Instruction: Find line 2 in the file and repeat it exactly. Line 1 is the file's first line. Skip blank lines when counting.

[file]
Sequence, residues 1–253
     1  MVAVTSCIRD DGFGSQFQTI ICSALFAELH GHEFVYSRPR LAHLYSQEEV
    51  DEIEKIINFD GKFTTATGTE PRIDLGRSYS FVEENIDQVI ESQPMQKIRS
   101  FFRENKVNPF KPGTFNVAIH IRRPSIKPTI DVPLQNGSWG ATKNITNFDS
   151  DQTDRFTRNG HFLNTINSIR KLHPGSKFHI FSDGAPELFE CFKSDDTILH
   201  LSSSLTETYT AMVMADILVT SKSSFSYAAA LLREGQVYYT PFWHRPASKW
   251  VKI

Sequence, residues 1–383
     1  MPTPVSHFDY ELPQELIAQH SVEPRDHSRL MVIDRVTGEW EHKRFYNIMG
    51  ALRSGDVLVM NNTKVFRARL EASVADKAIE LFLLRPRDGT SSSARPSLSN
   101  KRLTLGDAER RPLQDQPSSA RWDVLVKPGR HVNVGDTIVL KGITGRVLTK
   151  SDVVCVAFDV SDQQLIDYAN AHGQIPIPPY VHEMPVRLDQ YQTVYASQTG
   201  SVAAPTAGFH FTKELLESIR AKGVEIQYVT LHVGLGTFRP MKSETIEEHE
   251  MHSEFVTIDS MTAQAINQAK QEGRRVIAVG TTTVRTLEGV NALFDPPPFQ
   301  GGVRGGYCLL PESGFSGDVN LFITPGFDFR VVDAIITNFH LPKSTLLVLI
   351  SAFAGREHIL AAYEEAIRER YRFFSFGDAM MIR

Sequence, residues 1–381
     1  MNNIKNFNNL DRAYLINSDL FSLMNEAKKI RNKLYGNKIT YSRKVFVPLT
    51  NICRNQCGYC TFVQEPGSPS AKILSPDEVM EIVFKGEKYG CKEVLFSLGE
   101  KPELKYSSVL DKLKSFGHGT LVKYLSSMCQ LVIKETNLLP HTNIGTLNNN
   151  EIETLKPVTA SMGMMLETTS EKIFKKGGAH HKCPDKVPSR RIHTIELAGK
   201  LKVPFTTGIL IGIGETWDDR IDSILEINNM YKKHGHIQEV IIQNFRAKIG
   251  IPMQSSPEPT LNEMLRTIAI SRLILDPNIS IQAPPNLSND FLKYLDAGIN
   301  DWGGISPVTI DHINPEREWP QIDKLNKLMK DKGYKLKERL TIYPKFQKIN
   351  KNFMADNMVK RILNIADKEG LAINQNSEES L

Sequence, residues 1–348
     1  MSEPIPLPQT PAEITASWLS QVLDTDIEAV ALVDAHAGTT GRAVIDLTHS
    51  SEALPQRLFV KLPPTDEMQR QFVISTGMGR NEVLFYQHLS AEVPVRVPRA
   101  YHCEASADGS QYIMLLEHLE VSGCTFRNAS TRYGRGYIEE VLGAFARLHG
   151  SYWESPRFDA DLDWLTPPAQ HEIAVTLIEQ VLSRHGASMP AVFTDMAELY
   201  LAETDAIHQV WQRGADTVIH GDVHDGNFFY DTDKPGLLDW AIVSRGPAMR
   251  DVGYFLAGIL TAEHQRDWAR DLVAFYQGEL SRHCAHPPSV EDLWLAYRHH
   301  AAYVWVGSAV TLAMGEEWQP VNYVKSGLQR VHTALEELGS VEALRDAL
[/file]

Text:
     1  MVAVTSCIRD DGFGSQFQTI ICSALFAELH GHEFVYSRPR LAHLYSQEEV